Two Chinese Villages, Two Views of Rural Poverty
Tuesday, August 1, 2006
DACITAN, China -- Nestled mid-slope in the foothills of China's second-poorest province, Dacitan is a village run almost entirely by women, mothers who work the potato and wheat fields while their husbands are away.
Seventy miles to the east, perched on a remote mountain ridge above a collapsing dirt road, Sale is thick with men who sit idle, hoping for opportunity that never arrives and women who rarely do.
Both are Muslim villages populated by members of the ethnic Hui minority, and both are stark examples of the cost of China's blistering economic growth. While cities are booming, drawing migrant workers from the countryside and demonstrably improving life in some rural towns, other communities are shrinking. In the case of Dacitan, the women are left behind for months at a time as the men search for work; in Sale, the men say that few women want husbands in a poor, isolated village such as their own.
"Life here is so miserable, no one wants to marry the men," said Ma Xiuhua, 42, who grew up in Sale and was home visiting her mother. "For girls, the ideal way is to marry someone in the city or in a better village."
Cities hold promise for Chinese today, as home to the new wealth that is far removed from the rural poor. In the last 25 years, China has lifted about 400 million people out of poverty, according to a World Bank report, but efforts to reduce poverty have slowed significantly since the late 1990s and have declined since 2001. Millions of people still eke out a living in conditions that barely support life.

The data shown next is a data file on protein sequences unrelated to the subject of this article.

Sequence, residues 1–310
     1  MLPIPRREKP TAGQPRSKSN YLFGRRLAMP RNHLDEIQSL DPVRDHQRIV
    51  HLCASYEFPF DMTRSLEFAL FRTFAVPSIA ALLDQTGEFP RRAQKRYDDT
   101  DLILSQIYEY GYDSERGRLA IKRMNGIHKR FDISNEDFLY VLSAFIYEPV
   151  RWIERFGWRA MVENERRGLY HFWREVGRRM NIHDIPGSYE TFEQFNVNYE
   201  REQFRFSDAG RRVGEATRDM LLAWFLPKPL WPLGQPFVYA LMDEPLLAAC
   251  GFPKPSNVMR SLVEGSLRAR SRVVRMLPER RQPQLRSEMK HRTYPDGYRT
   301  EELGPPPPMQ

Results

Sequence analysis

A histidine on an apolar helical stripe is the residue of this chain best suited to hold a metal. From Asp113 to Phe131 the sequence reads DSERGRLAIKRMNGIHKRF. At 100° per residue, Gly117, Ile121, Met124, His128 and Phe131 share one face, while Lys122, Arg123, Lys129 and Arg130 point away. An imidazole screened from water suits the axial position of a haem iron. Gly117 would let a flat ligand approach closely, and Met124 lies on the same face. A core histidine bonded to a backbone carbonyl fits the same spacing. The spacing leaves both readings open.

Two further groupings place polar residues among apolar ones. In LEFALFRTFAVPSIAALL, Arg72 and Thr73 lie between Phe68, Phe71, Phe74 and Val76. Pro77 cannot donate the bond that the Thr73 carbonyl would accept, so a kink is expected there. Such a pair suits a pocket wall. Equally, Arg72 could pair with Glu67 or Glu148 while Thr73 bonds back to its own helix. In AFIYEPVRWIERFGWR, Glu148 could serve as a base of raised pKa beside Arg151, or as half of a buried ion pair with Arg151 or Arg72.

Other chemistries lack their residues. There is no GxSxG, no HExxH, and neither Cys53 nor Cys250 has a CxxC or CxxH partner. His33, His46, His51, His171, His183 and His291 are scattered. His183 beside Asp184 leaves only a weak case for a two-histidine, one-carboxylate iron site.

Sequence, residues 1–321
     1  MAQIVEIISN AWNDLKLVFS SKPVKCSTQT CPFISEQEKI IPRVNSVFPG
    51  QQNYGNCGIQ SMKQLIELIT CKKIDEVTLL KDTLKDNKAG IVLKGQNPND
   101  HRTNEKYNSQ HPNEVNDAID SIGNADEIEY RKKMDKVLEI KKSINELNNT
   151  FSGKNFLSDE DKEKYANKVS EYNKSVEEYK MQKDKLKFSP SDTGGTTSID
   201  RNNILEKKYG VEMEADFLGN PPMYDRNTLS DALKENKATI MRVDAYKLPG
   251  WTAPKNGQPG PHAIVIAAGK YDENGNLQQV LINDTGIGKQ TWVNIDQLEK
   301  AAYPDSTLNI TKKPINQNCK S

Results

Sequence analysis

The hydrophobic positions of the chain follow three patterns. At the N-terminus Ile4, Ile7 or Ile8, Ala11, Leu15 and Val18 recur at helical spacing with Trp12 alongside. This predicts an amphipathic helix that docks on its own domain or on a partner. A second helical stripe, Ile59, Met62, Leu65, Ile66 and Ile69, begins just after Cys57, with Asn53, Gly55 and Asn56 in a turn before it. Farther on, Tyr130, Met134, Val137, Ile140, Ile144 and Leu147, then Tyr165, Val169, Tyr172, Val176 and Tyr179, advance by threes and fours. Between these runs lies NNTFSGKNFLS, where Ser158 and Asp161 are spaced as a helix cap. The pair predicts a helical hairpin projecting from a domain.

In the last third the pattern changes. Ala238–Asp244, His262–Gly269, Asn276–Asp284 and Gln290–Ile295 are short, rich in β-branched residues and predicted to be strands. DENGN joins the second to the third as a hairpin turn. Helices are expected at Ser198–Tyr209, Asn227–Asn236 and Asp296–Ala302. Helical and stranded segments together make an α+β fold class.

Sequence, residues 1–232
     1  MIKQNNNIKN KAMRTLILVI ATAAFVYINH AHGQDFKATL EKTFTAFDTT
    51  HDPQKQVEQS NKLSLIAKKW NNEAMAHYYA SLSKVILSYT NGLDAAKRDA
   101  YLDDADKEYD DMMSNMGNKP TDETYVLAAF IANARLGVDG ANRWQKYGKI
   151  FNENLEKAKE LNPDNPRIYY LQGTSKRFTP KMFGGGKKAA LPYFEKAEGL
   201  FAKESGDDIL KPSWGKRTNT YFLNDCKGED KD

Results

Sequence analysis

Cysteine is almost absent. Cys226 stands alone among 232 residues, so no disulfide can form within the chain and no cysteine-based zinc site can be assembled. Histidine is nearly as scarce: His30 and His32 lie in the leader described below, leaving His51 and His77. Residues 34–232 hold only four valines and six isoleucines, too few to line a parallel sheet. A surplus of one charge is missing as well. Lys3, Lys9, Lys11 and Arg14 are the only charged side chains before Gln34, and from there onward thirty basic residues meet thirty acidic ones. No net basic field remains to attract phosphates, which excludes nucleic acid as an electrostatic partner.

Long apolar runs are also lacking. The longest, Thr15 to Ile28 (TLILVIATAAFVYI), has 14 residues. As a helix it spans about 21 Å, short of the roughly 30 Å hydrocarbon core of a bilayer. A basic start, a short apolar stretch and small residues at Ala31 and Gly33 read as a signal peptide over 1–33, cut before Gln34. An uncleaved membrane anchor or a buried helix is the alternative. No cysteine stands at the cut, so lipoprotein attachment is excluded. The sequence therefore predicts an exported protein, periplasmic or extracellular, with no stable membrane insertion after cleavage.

"Currently, the poverty elimination work for the Chinese government is much harder than 20 years ago. Those people who have been left behind are extremely poor and don't have enough skills to be lifted out of poverty," said Wang Yukai, an expert in rural poverty and deputy director of the National School of Administration in Beijing, which trains government officials.
Here in rural Gansu province, in northern central China, treatment for a bad kidney or a broken shoulder can cost a year's salary. The rising cost of gasoline and fertilizer, plus local fees for road building, irrigation and family planning have chipped away at gains derived from the new economy.
Each community survives in its own way.
"Before they went away to work as migrant workers, most of the heavy farm work was done by the men," said Chen Maiya, a 30-year-old resident of Dacitan. "Now it is done by the women. Sometimes I feel tired, but I can do nothing."
Women Left Behind
About 1,200 people live in Dacitan (pronounced DA-tse-tahn). It is the women who sustain the village from day to day. They line the main road on their way to work in the fields. They care for the children. They cook the meals.
Their husbands spend six to 10 months a year away from home. Even when they return to help with the harvest, as they did on a recent day, they are hard to spot.
The women are not in the habit of complaining publicly. Ma Haijizhe, for one, has no time.